God comes a loving bed-fellow and sleeps at my side all night and close on the peep of the day,— Walt Whitman, “Song of Myself”
And leaves for me baskets covered with white towels bulging the house with their plenty.
One of the more interesting things I’ve read recently about the creative process is poet Galway Kinnell’s introduction to a 1987 collection of Walt Whitman’s poems he edited called The Essential Whitman.
Whitman, of course, is among the most influential and celebrated poets in U.S. history, certainly the greatest pioneer of free verse in the English language—and would have been very pleased to be remembered as such. He strove for decades to promote himself and preserve for posterity his reputation. As Kinnell explains, Whitman mercilessly reworked his magnum opus Leaves of Grass, publishing six quite different versions between 1855 and 1881 and “enlarging the book from twelve poems … to 383.”
Some of his tweaks and additions were apt. Kinnell provides several positive examples, noting that, in particular, Whitman’s “deletions … are often well taken and sometimes make a decisive difference.” Unfortunately, as he goes on to demonstrate quite convincingly, most of those edits ultimately did more harm than good, and in fact, taken as a whole, almost certainly damaged his work, “often severely.” Perhaps there’s a lesson for us all in that misguided pursuit of perfection.
Kinnell begins by describing an inherent challenge for writers in the revision process itself:
Whitman may be poetry’s most spectacular victim of the law of elapsed time.
All writers know this law: revision succeeds in inverse ratio to the amount of time passed since the work was written. Revision is most likely to improve a poem when it directly follows composition, because it is, in fact, a slower, more reflective phase of the creative act. It is most likely to fail if many years have passed – such as the quarter century between the first publication and the last revision of Leaves of Grass. …
One reason why delayed revision often fails is that the writer eventually loses track of what he or she was originally trying to do – or more likely, was doing without trying. Great works are often written more by exploration, by feel, by instinct, than by fixed intentions; and so it is easy for an author to forget the reasons – if he or she ever articulated them – for those inspired leaps, those sudden decisions and shifts of direction, which were vivid and compelling during composition. When Socrates questioned the poets of Athens, he discovered they wrote not by reason but by inspiration or madness and could not tell him what their poems meant. Certainly it was in an inspired, mad, illuminated state that Walt Whitman wrote the first version of Leaves of Grass.
The religious undertones here are unmistakable: Like countless others, Kinnell equates creative inspiration to a kind of spiritual illumination—a movement of the Holy Spirit, you might say—that enables artists to go beyond their own basic faculties and self-conscious purposes into a creative space of “doing without trying,” the space in which they are able to create their greatest, most miraculous works.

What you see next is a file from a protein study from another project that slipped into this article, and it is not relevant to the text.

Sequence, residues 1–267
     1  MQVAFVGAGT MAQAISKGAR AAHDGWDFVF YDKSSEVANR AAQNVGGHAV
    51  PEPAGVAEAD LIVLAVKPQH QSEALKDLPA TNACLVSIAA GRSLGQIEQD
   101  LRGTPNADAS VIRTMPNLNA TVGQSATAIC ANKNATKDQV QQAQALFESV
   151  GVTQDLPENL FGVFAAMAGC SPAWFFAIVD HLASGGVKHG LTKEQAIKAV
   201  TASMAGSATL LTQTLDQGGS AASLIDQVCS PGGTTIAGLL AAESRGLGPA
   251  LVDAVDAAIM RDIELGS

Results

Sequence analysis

Yet such inspiration, of course, is not something we can control or summon at will. Thus, in the backward-looking process of revision—particularly after much elapsed time—artists like Whitman are often returning to their work driven less by those holy ghosts of inspiration and more by self-conscious desires to exert creative control and achieve some perceived kind of perfection, undoubtedly shaped by external expectations. And it’s there that the damage is often done.
Kinnell unpacks a wide range of examples demonstrating this basic point—that over the decades, Whitman shot himself in the foot again and again with all of his obsessive tweaking and padding-of-the-poetic-record. Several of the most interesting examples are those in which an older Whitman removed or softened earlier expressions of youthful vulnerability. Kinnell writes,
Another reason for the law of elapsed time is that the poet who revises belatedly may no longer be exactly the same person who composed. Certainly Whitman was not. As the Good Gray Poet [his late-in-life image] … he had lost some of his youthful arrogance, intransigence, and extraordinary shamelessness… [Thus] he dropped some brilliant but revealing passages from “The Sleepers,” including [a] mysterious evocation of adolescent experience … [and a] tortured denunciation of his father…
The man who once said, “Unscrew the locks from the doors! Unscrew the doors themselves from their jambs!” apparently had second thoughts and wanted to screw the locks and doors back on again.
Many of Whitman’s revisions thus tended to prioritize self-protection and self-promotion over the original expressive freedom and exuberant honesty. Likewise, over time Whitman often tweaked his wording in attempts to sound more “literary,” ignoring some of the insights of sound and style that had guided him in the initial thrall of inspiration. Here’s Kinnell: